- March 15, 2016: AlphaGo beats South Korean Go grandmaster Lee Sedol
- July 10, 2017: DeepMind uses reinforcement learning to master parkour
- December 5, 2017: DeepMind introduces AlphaZero as a program built using generalised AlphaGo Zero’s approach
- July 18, 2018: DeepMind commits to not developing “lethal autonomous weapons”
- February 2019: DeepMind’s AlphaStar AI found to outperform human professionals at StarCraft II, beats humans at 10 games in a row
DeepMind and its goal to build general-purpose AI
On its website, DeepMind says it has the goal to combine “the best techniques from machine learning and systems neuroscience to build powerful general-purpose learning algorithms.” DeepMind aims to get there by using an approach wherein its AI is not trained for a pre-defined purpose.
It says that DeepMind AI programs will learn from experience and only use raw pixels as data input. In technical terms, DeepMind has trained its AI programs using deep learning on a convolutional neural network and using Q-learning, a form of model-free reinforcement learning. The AI subsidiary has predominantly tested its methodology on video games.
While DeepMind has proven itself capable of building AI models using deep learning and reinforcement learning, it has seen little commercial success. There is reportedly conflict between DeepMind and Google with the latter unwilling to seed more independence to the AI subsidiary. All of this comes amidst the fact that DeepMind is putting more resources into its research and thus bleeding more money from its parent.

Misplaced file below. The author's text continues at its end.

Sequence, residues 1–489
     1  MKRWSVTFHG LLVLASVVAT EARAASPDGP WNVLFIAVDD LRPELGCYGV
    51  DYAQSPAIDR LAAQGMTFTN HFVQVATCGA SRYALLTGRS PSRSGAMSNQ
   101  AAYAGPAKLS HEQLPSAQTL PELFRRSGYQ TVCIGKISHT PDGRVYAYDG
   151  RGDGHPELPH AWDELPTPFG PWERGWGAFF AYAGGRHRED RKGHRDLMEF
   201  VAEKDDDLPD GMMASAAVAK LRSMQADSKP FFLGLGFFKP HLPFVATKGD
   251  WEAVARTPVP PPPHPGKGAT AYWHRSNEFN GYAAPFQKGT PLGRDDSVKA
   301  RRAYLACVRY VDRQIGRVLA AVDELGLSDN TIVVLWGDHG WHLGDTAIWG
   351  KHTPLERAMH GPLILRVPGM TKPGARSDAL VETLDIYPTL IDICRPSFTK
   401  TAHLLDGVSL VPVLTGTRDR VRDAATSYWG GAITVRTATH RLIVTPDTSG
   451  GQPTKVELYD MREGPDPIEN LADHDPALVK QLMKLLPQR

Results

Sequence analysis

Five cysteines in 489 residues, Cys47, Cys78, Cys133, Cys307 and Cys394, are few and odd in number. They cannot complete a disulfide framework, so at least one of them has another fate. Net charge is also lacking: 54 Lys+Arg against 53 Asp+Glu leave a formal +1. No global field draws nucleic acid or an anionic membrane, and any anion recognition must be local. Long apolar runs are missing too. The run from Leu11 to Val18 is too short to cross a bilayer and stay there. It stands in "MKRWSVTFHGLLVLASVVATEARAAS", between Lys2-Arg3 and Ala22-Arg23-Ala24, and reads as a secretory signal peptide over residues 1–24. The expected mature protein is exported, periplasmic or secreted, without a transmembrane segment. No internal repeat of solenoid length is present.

DeepMind has also lost talent that have gone to build smaller AI startups focussed on solving one problem instead of becoming a mothership of the AI community. DeepMind’s goal seems simple: build an AI program that can excel at anything, but it seems to be pulled behind by bureaucracy and the cost associated with research.
In 2022, DeepMind unveiled AlphaCode as an AI-powered coding engine capable of creating computer programs at a rate comparable to that of an average programmer. These applications continue to show the advancement DeepMind is making in the field of deep learning. However, to get to design general-purpose AI, it needs more than Alpha AI programs. The biggest hurdle could be its parent company and its own ambitions in building AI for the world.